• 10
    Umm Yasmin
    September 21st, 2008 07:24

    I did the American version of the IAT a while back and I still think that language familiarity has a lot to do with the test more than racism. For example, even though I am Anglo and Celtic by ancestry and Australian by nationality, I am Muslim and speak Arabic so I am familiar with Arabic names. The American IAT used a lot of Arabic-derived names for their ‘black’ examples. Consequently, I scored a slight preference for African-Americans on that test. On this Australian test, I was offered Italian and Anglo names, and showed a slight preference for Anglo. I am pretty sure this has more to do with the fact that I do not speak Italian and thus have less familiarity with Italian names than anything else.

  • 11
    Yobbo
    September 23rd, 2008 16:39

    I think you are missing the point Spiros: When I hear the name Yunipungu, I think of an entirely different group of Aboriginals than I do when I hear say Rielly.

    The 2 groups may be of the same race but their culture is completely different and to associate the 2 groups makes about as much sense as lumping Chinese in with Eskimos.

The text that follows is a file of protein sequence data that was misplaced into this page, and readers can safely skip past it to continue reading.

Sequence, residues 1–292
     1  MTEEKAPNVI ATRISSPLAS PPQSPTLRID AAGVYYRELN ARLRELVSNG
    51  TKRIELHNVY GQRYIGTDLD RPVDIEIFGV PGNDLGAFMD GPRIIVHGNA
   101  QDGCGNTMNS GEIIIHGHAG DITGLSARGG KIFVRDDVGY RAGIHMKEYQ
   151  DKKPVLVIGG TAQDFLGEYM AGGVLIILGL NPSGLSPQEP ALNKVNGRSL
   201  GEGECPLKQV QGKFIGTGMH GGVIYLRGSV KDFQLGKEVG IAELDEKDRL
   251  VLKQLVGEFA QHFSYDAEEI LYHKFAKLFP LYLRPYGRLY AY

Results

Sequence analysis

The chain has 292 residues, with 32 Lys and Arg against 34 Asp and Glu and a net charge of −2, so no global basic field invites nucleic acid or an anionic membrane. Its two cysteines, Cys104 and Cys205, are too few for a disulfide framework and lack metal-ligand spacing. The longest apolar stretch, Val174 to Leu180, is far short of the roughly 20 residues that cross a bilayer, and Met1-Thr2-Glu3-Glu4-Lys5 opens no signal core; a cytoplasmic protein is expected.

• 12
    Spiros
    September 23rd, 2008 17:19

    Yes Yobbo but the test is about your reactions to Aboriginal names, Italian names etc. If you see the name Reilly you are very unlikely to think about Aboriginals called Rielly and react accordingly. Likewise if you see the name Schnitzengruber you aren’t going think that this could be a northern Italian, even though there are actually a lot of northern Italians with German names. For you to think Italian, you’re going to have to see a name like Rosso.

  • 13
    Ben R
    October 10th, 2008 08:17

    “I quickly fell into the habit of doing quick risk assessments on young black men. I could not recall the precise statistics, but I was well aware that they are massively over-represented in the criminal justice system. I wanted to take a moral shower every time I thought this way, but my self-defence instincts were too strong to stop the thoughts entering my mind.”

    Those are perfectly natural human instincts which are shared by Asians and even other Blacks (Jesse Jackson noted being relieved when he noticed someone following him was white).

    Every group has in-group/out group biases, but whites tend to be more ashamed of this & see it as morally wrong. Most other groups are more ethnocentric, you see this with various race based groups or societies. Also in terms of immigration policies, for instance Japan & Singapore have quite clear policies to preserve a homogenous population.